Some of the requirements of running a successful small business include conserving as much money as possible, marketing intelligently and effectively, and placing a high priority on customer service. If only the list were that short, of course, there would be a lot more success in the small business realm. What it takes to find enduring success goes well beyond the fundamentals. It requires both intuition and learned knowledge, instincts, and education. Read on for a list of best practices to help start your small business off on the right foot.
1. Effective Leadership
Plenty of decisions have to be made on a daily basis as a small business owner, and it’s with the most difficult ones that it’s important to shine. Consider this example: You have two frontline employees both up for a position in management, and your team is split on who they think should get the job. No matter which way you go, your decision is going to upset half of your staff. Regardless, you have to be swift and decisive – putting things off simply exacerbates the tension. Look at the matter purely from a business standpoint and choose who you think is best qualified for the role. Consult with the person you didn’t select and also explain your decision to team members. Two of the worst characteristics to possess as a manager are indecision and lack of communication.
2. Hire for the Long Term
If your budget is limited, the task of hiring may fall entirely on you. Instead of settling for less than stellar candidates because of a limited budget, consider a long-term approach. Portray your company culture in no uncertain terms and actively participate in grooming your candidates with that culture in mind, allowing them to grow and prosper. You can cut the exorbitant costs of hiring, firing, and retraining new team members by choosing the right employees. You do your staff no good by bringing on someone who’s unlikely to make it.
3. Creating a Positive Work Environment
Work environment does play a role in small business success, and creating a positive one where your team can thrive starts with you. Be open and approachable, throw in a dress-down day or two, and show your staff that you’re a human being – it can be easy to forget such basics when you’re overwhelmed by your responsibilities. Take an interest in the personal lives of your staff and get to know their families. You’re going to end up with a more motivated and productive team if you do.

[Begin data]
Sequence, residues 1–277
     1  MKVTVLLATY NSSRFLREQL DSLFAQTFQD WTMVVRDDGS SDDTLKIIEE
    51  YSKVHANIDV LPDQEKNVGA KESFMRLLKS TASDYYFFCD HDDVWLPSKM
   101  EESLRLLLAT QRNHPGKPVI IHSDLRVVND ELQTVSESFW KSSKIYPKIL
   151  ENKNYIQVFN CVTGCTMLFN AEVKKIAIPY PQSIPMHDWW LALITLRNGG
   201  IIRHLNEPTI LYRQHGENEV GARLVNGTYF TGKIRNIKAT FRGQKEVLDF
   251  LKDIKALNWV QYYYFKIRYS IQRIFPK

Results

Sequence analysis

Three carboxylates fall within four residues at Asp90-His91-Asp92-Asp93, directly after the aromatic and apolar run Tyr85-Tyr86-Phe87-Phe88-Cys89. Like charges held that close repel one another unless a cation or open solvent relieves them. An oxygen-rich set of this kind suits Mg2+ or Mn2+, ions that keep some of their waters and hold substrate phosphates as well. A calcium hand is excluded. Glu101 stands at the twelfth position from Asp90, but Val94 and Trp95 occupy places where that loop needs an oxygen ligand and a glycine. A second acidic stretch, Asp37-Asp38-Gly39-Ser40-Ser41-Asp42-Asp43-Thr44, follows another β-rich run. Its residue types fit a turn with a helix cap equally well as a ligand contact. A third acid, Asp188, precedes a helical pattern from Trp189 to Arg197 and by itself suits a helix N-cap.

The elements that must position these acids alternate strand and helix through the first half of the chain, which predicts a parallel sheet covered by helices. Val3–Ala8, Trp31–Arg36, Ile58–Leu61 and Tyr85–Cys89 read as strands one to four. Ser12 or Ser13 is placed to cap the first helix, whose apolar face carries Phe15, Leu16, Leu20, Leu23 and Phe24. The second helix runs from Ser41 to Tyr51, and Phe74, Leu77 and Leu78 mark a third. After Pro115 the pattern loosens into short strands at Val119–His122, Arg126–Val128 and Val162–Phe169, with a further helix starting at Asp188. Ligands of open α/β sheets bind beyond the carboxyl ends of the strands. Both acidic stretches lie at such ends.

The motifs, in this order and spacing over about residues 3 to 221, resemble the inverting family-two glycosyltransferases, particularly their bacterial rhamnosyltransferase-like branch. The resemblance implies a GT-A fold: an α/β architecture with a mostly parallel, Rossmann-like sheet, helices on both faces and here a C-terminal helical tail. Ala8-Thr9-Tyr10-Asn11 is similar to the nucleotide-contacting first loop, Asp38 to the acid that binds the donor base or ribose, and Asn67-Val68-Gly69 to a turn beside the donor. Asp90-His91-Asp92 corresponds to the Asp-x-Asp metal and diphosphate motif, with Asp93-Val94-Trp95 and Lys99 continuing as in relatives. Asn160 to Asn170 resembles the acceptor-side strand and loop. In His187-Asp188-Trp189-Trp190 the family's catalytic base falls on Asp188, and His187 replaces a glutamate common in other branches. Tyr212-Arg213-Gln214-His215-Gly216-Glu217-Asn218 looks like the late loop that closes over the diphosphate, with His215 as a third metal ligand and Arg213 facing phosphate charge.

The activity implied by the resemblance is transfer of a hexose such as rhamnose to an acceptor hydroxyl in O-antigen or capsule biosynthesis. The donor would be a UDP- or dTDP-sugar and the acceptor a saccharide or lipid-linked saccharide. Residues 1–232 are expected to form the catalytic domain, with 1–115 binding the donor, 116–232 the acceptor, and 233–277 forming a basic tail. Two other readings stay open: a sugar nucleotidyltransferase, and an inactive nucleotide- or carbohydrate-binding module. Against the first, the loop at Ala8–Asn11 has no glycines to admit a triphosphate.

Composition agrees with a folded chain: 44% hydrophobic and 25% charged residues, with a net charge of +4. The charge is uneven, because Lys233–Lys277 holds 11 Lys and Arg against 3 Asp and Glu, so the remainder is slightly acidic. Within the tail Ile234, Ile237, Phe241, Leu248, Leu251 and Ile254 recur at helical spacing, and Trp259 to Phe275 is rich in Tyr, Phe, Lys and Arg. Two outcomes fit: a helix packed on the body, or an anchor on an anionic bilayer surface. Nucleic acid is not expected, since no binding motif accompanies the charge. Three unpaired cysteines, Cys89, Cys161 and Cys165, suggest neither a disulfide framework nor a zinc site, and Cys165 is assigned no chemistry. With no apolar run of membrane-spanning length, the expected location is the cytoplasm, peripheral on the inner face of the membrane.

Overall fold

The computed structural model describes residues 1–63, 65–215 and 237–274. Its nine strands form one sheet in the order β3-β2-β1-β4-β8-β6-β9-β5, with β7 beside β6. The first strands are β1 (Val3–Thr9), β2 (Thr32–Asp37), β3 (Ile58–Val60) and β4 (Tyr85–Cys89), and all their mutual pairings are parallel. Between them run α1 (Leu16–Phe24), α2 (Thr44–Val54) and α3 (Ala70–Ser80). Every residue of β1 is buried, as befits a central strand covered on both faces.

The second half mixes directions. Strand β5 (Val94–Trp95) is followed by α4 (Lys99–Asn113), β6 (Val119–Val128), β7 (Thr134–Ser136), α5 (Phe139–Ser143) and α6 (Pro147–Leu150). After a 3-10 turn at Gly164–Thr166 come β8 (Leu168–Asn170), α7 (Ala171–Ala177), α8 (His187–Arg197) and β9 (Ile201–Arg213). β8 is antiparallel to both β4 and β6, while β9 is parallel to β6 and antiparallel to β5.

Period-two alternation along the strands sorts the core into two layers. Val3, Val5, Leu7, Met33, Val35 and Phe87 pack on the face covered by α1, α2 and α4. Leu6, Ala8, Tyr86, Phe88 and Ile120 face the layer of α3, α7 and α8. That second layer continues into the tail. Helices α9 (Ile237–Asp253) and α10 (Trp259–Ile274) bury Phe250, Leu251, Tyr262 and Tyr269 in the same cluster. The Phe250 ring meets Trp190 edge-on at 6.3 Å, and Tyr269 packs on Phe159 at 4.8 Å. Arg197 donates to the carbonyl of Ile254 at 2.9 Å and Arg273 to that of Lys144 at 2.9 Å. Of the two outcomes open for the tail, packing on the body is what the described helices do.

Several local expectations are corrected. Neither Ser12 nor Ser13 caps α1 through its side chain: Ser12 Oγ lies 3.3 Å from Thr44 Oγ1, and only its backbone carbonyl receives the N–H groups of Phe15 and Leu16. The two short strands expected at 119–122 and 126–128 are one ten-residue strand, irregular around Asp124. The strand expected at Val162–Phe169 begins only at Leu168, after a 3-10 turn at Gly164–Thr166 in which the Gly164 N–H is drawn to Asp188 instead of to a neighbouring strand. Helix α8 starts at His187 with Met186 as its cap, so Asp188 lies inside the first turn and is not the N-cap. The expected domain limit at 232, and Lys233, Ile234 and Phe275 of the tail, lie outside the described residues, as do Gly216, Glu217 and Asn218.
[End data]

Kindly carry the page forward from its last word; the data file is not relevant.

4. Handling Employee Morale Issues
The responsibility of addressing things like gossip and general employee morale issues also lies with you. You may not be able to eliminate rumors and gossip, but you can help by fostering a professional work environment in which these things are frowned upon. If there’s a problem between two particular employees, don’t let it fester. Get the two parties together, sit down, and iron things out – and don’t let anyone get up until an agreement has been reached. Your staff pays close attention to how these matters are dealt with. Set a good example from the start.
5. Skilled Organization
If organization isn’t already a top priority, make it one. And communicate the message to your staff. File all paperwork in a timely fashion as it comes in and let your employees know your rules for document organization. Good organization can save you and your staff a lot of time and prevent any frustration – or worse consequences – over missing documents.
6. Pitching In
More than likely, you have good knowledge of the nuts and bolts of your operations. Whether it’s processing transactions on the computer or simply helping out customers, your employees want to know you’re there for them when they need help, especially if you’re understaffed. Roll up your sleeves and get out there whenever your team needs an extra pair of hands. You can not only improve productivity by doing so, you can also boost morale.
Juggling the many roles of a small business owner is a challenge. It can be easy to take your staff for granted as you struggle with your own responsibilities, but taking time to interact with them is ultimately going to serve your business well. And remember to hold yourself to the same standards you do your employees. Effective leadership happens best through example. Set your standards high and you just might find your own performance improving as well.
What ideas do you have for how to effectively run a small business?
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